Decentralized crypto exchange ApolloX was reportedly exploited on June 8, as the platform stated that the hacker found a flaw in the platform’s Trading Rewards Contract.
The incident came to light when the DEX temporarily disabled the withdrawal function only to be resumed later on Wednesday.
ApolloX exploit details
According to ApolloX, the bad actor managed to accumulate 255 signatures, which allowed the withdrawal of 53 million APX tokens from the Withdrawal Contract.
At the time of the attack, the value of the stolen tokens come close to $2.1 million. At the time of writing, ApolloX was down over 11% in the last 24 hours as per CoinMarketCap data.
That said, none of the loss is attributed to any users’ funds.
But due to the loophole in the exchange smart contract, “ApolloX team also made an emergency repurchase of 12,748,585 APX tokens,” after the hack, worth $600,000. The platform also assured that the “lost tokens will be made up for via APX earned from exchange trading fees.”
The incident also followed ApolloX’s announcement of seed funding from investors including Binance Labs and Kronos Research. The DEX secured an undisclosed amount in strategic investment to expand further into the Web3 vertical.
ApolloX Captain, Founder of ApolloX had noted, “Decentralized finance increasingly eats into the market share of centralized finance. Protocols are rapidly innovating in this competitive space as users demand more control, value, and accessibility.”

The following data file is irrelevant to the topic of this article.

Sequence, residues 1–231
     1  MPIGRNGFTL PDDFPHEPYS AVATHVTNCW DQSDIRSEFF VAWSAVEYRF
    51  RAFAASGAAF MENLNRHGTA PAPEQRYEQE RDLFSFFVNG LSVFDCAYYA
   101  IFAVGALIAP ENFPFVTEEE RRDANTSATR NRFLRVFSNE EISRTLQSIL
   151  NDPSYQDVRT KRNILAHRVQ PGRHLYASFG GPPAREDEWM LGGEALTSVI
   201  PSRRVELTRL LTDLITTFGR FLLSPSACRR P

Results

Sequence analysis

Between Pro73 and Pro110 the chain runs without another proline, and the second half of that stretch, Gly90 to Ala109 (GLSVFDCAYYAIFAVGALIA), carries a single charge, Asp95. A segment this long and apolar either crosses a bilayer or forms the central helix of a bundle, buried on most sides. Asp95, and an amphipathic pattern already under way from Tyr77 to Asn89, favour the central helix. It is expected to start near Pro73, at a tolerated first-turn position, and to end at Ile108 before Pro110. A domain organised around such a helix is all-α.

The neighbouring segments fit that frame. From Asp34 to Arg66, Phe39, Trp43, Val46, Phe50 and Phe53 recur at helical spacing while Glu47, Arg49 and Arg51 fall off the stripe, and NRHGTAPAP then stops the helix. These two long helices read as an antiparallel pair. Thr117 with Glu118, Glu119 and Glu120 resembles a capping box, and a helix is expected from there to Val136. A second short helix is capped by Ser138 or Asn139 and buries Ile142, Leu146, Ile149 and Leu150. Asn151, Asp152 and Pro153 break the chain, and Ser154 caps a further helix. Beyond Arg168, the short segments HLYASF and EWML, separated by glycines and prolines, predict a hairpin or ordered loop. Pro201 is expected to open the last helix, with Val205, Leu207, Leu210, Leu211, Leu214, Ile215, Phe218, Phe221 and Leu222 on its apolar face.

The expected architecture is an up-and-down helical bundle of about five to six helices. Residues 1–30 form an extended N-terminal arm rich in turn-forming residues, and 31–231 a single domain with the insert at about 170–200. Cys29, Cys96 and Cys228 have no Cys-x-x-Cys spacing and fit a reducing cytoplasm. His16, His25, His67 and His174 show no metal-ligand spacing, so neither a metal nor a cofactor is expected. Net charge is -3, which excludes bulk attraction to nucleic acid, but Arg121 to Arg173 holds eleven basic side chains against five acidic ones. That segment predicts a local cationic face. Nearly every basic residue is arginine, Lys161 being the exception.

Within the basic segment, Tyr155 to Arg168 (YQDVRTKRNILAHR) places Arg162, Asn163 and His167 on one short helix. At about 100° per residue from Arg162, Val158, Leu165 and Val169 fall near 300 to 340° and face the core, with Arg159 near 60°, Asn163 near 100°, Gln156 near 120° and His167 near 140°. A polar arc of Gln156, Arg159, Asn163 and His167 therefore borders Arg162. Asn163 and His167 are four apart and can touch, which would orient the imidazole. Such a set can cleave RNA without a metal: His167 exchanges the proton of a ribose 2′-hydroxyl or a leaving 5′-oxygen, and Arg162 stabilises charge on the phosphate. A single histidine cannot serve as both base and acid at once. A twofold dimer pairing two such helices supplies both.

That said, ApolloX was also of the view that the ‘future of DAO will help to eliminate centralized leadership and empower the next generation of protocols.’
Meanwhile, the exchange has a Total Value Locked (TVL) of $12.4 million on DeFiLlama. On the technical front, InvestorsObserver has analyzed that ApolloX could maintain a weak short-term technical score of 4 with “recent price movement suggesting more bearish signals for traders.”
Threats amid the skyrocketing craze
In a recently released report by the Federal Trade Commission (FTC), since the beginning of 2021, over 46,000 people have lost more than a billion dollars in crypto to scams.
Meanwhile, another report by the Australian Competition and Consumer Commission (ACCC) has highlighted that Australians lost over AUD 113 million or $81.5 million to crypto-related scams between January 1 and May 1, 2022.
Anne Boden, the founder of a Goldman Sachs-backed digital bank Starling, called crypto “dangerous.” Boden said, “A lot of [crypto] wallets are being connected directly to payment schemes. This is a threat to the safety of our payment schemes around the world.”
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